My brother had FSHD Type 1. My mother was then tested, followed by myself. I was lucky and only had to have the test done once. My mother tested positive as suspected, and I was also diagnosed at the beginning of this year. My diagnostic process involved seeing a geneticist, who explained the genetic disease pattern. I had a 50% chance of having the condition. I was aware that I would be advised about fertility options, and was told that if I wanted children I needed to consider freezing my eggs as soon as possible due to my history of anorexia, being over 30, and also the probability of me having FSHD. This was quite confronting, as I had not really considered whether I wanted children or not.
It was almost 6 months before I received my result. I remember the day vividly. Our genetic counsellors number came up on my phone. I knew she was calling because she had a result. I answered. She was very kind, and made sure I was not busy and had someone with me. I put my phone on speaker, and sat down at the kitchen table; my mother with me. ‘Ellen, you do have FSHD 1’.
Cue my mother bursting into tears. Ingrid (the GC) started to talk more but I honestly was still back at ‘you have FSHD’, and don’t remember what else she said, as I too started to sob, and struggled to talk.
Between the blood test and diagnosis, I made the decision that if I tested positive, I would not have children of my own. I think that as a young woman this has been one of the hardest things to deal with, as people always wonder or ask why, and I see people my age starting families and know that will never happen for me.
My reasons are complex, and involve my history of anorexia and the impact childbearing would have on my body having FSHD and suspected Ehlers Danlos Syndrome.
I am the least affected out of my family; I believe that my current career and previous history of exercise and movement have helped me to strengthen the supporting musculature. I don’t have any limitations in my daily life, except for fatigue, and sometimes lack of strength.
I work as a Fitness Instructor, my primary area being Pilates. My passion and drive for my career has never been stronger, and I think being diagnosed with FSHD has propelled this. I want to be a positive, healthy role-model for young girls and women, both when it comes to body image, but also for those suffering from disease. Sure, there are certain movements I cannot do, but let my sense of humour do the talking and joke ‘oh wait, I’m missing that muscle’, or use my hyper mobility as a party trick!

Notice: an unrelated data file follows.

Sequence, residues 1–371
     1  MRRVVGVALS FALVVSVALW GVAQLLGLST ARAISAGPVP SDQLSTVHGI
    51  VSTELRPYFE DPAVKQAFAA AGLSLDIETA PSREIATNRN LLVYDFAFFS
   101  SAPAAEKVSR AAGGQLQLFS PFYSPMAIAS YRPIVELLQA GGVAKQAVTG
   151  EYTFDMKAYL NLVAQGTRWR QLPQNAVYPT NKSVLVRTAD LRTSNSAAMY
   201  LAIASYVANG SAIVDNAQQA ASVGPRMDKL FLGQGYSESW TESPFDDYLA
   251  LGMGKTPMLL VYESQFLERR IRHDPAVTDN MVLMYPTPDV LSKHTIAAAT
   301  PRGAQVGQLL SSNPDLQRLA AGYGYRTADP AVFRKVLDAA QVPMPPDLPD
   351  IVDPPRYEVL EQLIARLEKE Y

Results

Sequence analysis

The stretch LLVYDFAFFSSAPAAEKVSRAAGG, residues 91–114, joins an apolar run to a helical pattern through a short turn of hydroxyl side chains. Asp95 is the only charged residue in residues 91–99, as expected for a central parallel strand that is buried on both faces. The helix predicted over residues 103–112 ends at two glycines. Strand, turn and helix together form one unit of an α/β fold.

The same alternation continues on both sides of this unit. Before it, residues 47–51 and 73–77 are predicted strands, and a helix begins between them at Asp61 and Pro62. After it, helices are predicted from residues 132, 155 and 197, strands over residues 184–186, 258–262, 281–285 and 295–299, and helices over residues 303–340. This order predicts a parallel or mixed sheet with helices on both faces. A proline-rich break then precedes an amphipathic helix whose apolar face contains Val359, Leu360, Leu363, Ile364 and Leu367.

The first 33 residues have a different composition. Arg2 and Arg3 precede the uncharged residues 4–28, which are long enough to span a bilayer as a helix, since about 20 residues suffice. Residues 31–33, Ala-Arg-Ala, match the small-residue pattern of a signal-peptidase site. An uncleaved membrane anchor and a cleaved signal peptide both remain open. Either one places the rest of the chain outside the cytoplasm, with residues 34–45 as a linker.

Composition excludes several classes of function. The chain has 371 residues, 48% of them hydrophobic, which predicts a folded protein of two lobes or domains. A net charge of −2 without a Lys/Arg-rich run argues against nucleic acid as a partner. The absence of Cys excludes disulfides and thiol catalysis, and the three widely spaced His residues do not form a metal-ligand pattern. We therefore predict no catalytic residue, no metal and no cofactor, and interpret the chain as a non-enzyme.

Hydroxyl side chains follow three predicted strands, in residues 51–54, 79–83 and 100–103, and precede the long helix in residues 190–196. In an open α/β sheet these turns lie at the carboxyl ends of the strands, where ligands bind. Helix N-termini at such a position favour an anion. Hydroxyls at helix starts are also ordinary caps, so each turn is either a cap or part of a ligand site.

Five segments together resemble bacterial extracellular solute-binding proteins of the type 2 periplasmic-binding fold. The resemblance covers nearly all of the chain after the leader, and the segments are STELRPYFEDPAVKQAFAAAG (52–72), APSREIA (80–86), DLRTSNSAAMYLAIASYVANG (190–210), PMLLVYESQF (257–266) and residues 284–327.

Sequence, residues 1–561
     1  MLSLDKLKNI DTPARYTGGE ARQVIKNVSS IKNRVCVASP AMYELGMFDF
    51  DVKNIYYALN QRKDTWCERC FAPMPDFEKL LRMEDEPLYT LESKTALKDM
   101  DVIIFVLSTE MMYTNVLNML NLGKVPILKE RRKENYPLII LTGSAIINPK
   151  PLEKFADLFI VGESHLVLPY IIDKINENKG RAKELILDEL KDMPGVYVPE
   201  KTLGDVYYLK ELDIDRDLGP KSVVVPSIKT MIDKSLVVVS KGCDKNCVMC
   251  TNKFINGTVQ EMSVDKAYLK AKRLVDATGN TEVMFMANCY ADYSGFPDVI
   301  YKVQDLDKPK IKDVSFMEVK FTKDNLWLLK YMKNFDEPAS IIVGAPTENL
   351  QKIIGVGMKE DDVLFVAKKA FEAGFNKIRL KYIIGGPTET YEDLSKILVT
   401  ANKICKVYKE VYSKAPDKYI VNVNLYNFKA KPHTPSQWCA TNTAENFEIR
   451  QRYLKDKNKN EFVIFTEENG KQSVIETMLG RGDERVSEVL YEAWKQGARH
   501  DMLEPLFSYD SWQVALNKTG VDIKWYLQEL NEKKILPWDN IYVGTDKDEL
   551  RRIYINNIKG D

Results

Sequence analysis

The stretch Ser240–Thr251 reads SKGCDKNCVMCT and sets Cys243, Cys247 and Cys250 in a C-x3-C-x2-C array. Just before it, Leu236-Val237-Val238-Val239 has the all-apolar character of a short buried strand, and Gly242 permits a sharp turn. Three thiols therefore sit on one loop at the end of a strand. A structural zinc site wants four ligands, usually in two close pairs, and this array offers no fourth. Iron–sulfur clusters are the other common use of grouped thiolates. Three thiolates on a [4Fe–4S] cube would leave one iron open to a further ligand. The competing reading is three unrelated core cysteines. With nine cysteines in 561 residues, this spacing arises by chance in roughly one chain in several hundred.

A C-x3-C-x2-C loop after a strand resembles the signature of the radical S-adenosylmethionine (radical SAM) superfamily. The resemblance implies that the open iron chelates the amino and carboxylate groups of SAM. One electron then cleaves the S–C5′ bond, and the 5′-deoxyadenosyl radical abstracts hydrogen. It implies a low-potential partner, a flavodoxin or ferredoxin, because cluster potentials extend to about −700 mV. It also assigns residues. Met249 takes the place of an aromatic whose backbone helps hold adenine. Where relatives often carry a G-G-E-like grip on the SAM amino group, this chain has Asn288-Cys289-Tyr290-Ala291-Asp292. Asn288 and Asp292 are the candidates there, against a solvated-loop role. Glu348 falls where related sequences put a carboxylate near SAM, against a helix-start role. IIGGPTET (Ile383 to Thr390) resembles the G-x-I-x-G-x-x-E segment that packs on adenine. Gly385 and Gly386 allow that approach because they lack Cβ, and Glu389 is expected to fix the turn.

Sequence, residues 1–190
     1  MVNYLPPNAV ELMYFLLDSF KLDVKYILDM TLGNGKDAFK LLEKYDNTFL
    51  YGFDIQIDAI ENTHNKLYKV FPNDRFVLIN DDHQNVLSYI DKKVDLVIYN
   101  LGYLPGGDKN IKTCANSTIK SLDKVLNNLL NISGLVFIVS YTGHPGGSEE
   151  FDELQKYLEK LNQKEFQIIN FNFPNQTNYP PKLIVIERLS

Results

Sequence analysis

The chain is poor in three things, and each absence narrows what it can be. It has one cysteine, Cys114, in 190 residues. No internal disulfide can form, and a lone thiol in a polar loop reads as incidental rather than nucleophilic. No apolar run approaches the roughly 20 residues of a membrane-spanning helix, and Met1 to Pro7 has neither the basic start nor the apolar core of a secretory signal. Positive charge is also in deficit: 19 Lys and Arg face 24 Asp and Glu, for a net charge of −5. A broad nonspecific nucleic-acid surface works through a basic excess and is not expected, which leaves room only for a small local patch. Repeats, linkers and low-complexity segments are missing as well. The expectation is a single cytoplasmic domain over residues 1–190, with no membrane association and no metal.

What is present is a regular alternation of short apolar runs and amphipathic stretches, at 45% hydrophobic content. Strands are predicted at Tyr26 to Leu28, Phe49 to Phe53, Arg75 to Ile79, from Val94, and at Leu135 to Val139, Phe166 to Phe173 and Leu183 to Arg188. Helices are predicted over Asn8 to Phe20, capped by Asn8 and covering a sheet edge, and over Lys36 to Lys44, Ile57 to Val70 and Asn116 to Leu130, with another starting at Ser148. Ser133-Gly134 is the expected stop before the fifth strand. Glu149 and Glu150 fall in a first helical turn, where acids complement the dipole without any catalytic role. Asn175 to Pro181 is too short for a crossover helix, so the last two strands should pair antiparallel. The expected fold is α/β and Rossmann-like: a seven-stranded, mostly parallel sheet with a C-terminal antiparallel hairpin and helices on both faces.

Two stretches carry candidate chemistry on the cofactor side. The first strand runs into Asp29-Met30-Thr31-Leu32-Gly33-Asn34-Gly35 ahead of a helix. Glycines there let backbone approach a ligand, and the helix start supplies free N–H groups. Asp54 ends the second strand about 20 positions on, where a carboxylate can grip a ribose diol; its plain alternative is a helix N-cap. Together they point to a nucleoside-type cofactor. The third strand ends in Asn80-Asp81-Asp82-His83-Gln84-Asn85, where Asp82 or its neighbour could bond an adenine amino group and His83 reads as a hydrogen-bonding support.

My family inspire me; watching younger brother deteriorate has been hard. He is such an amazing father to his children, and his wife has been such an amazing support for him. My mother, she is my best friend. She has been through so much, and I think all of us having the disease has brought us closer. I can openly talk to my mum or brother about the disease and mental health, and we often joke about it. If you didn’t laugh, you would cry.
I am lucky to have a professional support team involving my General Practitioner, and Psychiatrist. And when required, my Dietitian, and access to Psychological support. They also refer me to other specialists, such as Rheumatologists as required.
Being diagnosed with FSHD has helped my recovery from anorexia, and has really helped me to develop an appreciation for what I can do NOW. I no longer wait to follow my aspirations, dreams and goals, I have since made choices to work toward them, and I am actively doing this, and have ticked off a number of goals since diagnosis. I continue to turn what
is perceived as a weakness, into my greatest strength.
I don’t know how quickly the disease will progress, or if it will progress; but no one really knows what the future holds! So why wait?
I have a desire to share my story for FSHD awareness, to inspire those with and without the disease, and to be a living example that even though life can be really, really tough, it can also be so, so amazing.
Ellen Graham, 31